Veterans Affairs physicians may be missing significant medical issues among lesbian, gay, bisexual, and transgender veterans because they do not have any standard approach to tracking them, according to a new report released by the Government Accountability Office this week.
Researchers warned the problem could become even more pronounced in coming years as the number of LGBT veterans within the massive federal health care system grows.
Nine years ago in September, Defense Department officials formally did away with the final remnants of the controversial “don’t ask, don’t tell” military policy which barred gay troops from publicly revealing their sexual orientation.
Since then, VA has instituted several new programs designed to look at health issues specific to that population, including the LGBT Health Program launched in 2012 to help recommend new policies and procedures specific to gaps in VA services.
However, GAO researchers noted that those efforts are limited “because (VA) does not consistently collect sexual orientation and self-identified gender identity data.” Unlike patient data like sex and race, there is no specific field for those identifiers. The information is often included informally in physicians’ notes, making tracking of trends and challenges across the VA population impossible.
“With inconsistent data and limited information on health outcomes, (health officials) may not be able to fully identify and address any health disparities faced by LGBT veterans, or provide them clinically appropriate, comprehensive care,” the GAO report states.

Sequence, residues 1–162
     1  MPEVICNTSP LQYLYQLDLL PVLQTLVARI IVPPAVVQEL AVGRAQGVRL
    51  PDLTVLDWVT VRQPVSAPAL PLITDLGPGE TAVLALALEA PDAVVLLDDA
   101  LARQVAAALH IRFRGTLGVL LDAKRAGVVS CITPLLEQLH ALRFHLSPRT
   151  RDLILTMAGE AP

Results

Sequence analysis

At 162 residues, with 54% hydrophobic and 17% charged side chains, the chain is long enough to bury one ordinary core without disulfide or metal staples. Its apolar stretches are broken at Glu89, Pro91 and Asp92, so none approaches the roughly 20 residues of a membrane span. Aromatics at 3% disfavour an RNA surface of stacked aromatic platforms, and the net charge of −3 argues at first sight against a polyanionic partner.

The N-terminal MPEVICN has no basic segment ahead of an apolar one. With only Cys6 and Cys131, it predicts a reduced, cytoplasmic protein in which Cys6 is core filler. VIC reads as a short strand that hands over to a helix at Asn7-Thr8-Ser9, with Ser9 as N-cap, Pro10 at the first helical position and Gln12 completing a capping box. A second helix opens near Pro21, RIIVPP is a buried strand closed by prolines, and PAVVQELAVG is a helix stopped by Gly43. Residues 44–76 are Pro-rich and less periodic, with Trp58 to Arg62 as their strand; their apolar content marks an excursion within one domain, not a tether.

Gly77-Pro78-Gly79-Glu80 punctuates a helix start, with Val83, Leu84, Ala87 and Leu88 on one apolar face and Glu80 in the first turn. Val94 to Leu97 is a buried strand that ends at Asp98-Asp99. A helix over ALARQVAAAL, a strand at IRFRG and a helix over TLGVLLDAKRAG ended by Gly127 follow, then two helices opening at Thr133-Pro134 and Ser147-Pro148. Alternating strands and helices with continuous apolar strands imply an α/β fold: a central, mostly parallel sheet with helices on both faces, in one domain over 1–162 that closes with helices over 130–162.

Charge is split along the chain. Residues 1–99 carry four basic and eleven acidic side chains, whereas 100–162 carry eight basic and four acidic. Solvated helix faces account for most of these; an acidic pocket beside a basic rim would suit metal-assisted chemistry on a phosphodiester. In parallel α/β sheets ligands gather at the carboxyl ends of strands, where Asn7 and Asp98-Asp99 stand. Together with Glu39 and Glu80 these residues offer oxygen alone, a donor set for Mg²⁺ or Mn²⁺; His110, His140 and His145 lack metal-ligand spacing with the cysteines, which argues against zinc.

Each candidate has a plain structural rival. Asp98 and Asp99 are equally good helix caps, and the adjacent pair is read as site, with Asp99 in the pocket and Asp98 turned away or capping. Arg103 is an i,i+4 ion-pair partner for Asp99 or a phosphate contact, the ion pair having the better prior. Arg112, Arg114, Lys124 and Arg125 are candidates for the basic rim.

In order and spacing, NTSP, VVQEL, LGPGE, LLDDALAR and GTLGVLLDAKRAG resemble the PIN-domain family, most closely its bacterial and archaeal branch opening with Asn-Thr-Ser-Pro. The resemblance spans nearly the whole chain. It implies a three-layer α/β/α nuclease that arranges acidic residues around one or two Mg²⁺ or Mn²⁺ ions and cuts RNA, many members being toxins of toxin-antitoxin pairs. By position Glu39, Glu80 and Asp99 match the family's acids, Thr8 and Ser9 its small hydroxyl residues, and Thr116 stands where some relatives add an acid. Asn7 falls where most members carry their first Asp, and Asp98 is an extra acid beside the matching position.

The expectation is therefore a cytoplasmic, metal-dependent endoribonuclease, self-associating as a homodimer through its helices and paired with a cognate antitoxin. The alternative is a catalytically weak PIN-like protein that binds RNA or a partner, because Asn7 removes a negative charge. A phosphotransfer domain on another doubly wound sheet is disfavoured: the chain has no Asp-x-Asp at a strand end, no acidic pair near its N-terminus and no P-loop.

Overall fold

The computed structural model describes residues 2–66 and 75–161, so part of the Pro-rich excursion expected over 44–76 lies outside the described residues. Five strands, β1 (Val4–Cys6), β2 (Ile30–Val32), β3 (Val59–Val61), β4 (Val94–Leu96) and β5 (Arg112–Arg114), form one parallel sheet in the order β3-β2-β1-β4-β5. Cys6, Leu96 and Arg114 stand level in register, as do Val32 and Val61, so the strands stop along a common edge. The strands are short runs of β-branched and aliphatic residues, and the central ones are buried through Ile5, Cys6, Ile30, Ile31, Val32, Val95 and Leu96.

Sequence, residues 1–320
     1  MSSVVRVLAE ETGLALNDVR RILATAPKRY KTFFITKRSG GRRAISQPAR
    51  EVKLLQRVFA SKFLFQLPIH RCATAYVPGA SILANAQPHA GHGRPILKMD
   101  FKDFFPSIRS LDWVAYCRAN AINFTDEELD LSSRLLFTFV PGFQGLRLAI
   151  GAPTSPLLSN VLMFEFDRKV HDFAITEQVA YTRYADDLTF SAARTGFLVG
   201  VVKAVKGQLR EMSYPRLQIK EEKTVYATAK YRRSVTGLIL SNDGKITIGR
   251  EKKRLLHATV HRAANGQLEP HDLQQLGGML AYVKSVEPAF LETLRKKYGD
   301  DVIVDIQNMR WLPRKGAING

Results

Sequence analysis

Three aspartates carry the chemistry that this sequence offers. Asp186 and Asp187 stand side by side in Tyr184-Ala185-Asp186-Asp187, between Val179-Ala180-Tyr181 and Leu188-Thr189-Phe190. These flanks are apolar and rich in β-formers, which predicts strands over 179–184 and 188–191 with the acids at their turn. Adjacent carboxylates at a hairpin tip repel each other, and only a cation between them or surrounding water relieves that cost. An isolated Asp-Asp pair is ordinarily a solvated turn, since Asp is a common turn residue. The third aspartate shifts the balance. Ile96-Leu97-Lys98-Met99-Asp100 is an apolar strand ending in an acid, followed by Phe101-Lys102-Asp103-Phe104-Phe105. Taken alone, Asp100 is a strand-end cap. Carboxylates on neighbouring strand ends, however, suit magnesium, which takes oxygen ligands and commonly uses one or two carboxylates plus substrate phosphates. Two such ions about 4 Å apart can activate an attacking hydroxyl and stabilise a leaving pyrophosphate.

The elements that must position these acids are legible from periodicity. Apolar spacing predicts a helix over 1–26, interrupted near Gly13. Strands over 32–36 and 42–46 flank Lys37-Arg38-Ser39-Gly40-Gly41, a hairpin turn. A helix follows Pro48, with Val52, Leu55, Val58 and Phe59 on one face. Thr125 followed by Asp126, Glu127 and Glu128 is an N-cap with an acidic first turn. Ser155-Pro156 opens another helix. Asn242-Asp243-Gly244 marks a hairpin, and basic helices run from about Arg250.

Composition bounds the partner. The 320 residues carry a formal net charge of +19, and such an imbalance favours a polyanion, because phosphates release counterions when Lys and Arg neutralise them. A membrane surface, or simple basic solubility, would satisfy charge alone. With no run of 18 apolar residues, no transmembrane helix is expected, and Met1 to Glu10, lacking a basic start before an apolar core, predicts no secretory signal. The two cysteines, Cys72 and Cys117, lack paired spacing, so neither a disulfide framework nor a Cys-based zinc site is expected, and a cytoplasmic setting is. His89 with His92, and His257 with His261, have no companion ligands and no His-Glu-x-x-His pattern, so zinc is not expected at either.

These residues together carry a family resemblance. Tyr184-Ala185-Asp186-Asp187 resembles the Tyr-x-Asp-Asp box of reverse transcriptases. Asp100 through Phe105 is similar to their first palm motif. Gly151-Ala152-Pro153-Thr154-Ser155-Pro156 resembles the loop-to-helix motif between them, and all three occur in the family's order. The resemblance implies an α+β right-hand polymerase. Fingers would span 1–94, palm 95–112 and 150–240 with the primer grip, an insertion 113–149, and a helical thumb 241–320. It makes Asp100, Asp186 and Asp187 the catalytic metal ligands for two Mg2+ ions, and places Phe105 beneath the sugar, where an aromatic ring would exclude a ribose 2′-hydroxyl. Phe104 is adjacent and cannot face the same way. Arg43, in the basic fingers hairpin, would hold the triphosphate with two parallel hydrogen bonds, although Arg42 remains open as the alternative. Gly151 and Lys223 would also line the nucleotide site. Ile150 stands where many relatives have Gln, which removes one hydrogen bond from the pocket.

VA researchers have already seen indications that LGBT veterans may face “significant disparities in depression and suicide ideations” compared to the rest of the veteran population. However, they lamented that finding clear results and solutions cannot happen without better tracking data.
In a statement to GAO, VA acting Chief of Staff Brooks Tucker said officials are working on improvements in collecting the data as part of their multi-year overhaul of VA’s electronic medical records system.
“The Veterans Health Administration agrees with the importance of collecting data on sexual orientation in order to better understand the unique health care needs of all veterans, especially veterans with lesbian, gay, bisexual and related identities,” he wrote.
However, solutions to the tracking are at least one year away, according to timelines released by the department.
GAO officials called that problematic.
“Until VHA is able to consistently collect and analyze data on sexual orientation and gender identity, it will be unable to ascertain fully the health care needs of LGBT veterans,” the report states. “This, in turn, could negatively affect health outcomes.”
The full report is available on the GAO web site.